C4SS has teamed up with the Distro of the Libertarian Left. The Distro produces and distribute zines and booklets on anarchism, market anarchist theory, counter-economics, and other movements for liberation. For every copy of the Philadelphia Anarchists’s “A Catechism of Anarchy” that you purchase through the Distro, C4SS will receive a percentage. Support C4SS with the Philadelphia Anarchists’s “A Catechism of Anarchy“.
$2.00 for the first copy. $1.25 for every additional copy.
This lost classic was first published anonymously in 1902 by the Social Science Club of Philadelphia, whose members included Voltairine de Cleyre, Mary Hansen, Natasha Notkin, and other Mutualists, Individualists, and Communists from the Philadelphia social movement. The “Catechism,” drafted by Hansen and finished by the Club collectively, presents a dialogue on the fundamentals of Anarchistic philosophy; discusses the commonality and the disagreements among Socialist, Individualist, Communist, and Mutualist forms of Anarchism; and offers a pluralistic, experimental vision of the free society, in which free people can try out any peaceful economic arrangement, and in which a wealth of Anarchistic economic systems peacefully co-exist, compete, and flourish side-by-side.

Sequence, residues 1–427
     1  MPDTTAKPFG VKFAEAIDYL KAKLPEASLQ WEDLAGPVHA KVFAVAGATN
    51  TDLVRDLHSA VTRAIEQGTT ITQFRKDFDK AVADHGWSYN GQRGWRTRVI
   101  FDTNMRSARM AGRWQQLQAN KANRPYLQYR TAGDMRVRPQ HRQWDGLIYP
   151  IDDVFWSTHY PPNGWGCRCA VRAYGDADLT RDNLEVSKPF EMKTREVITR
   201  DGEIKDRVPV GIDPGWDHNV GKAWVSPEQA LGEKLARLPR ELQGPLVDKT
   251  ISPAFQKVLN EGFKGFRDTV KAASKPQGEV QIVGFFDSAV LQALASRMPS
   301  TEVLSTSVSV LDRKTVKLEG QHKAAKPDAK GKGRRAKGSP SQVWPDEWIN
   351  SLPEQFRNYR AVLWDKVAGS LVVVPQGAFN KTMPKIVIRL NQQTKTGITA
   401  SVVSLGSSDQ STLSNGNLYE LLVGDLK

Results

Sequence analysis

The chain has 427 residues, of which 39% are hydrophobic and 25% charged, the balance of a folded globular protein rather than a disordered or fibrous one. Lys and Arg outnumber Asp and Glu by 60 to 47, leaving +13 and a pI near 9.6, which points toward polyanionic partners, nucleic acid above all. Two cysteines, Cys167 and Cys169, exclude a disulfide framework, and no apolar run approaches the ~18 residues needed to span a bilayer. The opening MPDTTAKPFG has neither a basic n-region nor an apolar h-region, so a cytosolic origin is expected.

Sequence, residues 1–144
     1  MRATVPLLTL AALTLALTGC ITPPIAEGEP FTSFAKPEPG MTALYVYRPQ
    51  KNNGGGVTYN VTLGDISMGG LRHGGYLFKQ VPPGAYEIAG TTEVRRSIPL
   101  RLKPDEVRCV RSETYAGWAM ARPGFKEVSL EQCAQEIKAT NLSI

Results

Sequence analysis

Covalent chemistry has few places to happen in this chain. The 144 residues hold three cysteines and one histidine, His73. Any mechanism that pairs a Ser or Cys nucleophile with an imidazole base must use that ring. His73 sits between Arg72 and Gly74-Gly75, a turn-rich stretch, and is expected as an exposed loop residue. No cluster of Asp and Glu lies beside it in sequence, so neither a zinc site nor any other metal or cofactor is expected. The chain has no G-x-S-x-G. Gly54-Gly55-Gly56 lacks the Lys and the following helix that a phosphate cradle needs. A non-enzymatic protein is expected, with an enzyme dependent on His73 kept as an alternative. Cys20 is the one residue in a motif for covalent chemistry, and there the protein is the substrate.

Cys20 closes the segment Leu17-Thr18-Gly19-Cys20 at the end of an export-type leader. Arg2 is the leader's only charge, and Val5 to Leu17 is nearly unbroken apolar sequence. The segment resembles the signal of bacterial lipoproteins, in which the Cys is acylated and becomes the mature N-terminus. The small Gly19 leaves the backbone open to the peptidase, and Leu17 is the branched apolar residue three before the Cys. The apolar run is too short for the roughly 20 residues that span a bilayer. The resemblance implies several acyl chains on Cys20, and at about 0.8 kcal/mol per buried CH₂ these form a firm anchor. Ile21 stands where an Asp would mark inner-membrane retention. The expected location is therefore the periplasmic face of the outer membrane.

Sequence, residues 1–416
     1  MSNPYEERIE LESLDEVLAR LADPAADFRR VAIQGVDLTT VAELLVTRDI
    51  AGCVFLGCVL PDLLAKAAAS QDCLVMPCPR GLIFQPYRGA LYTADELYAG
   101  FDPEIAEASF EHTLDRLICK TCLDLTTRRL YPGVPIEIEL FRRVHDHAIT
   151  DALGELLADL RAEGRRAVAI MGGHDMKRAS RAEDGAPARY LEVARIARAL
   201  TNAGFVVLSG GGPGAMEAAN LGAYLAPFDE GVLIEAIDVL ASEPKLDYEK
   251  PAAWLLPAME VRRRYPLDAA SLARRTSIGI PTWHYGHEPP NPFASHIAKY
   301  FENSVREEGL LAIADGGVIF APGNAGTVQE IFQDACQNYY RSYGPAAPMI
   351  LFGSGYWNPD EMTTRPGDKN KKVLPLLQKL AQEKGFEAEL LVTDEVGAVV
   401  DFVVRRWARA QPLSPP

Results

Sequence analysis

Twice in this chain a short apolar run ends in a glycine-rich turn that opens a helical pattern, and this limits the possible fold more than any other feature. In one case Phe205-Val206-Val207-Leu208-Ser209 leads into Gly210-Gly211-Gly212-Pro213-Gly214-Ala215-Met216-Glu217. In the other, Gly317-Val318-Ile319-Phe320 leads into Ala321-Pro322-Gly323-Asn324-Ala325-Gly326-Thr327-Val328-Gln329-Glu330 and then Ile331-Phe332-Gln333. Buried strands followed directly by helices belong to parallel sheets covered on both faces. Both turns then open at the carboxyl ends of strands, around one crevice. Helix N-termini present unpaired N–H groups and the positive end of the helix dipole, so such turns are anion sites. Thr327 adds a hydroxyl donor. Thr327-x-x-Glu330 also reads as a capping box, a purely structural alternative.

“What is Civil Authority? — That force which interferes with our daily actions, making and punishing criminals, commonly called government.
“How does Government make Criminals? — By fostering an unjust system of distribution, wherein one man is dependent on another for his subsistence; failing to secure it he is forced to resort to crime, for which, again, the government punishment. . . .
“How would the Abolition of Government effect Economic Justice? — The force which protects the owners of the great natural sources of production and means of exchange being removed, people would be free to experiment and discover what economic arrangement was best, instead of being compelled to accept the decision of the ruling majority or minority. . . .
“Does Anarchism teach Violence? — Anarchism is the negation of violence. By removing the causes, it would make the recurrence of acts of violence almost, and in time wholly, obsolete . . . .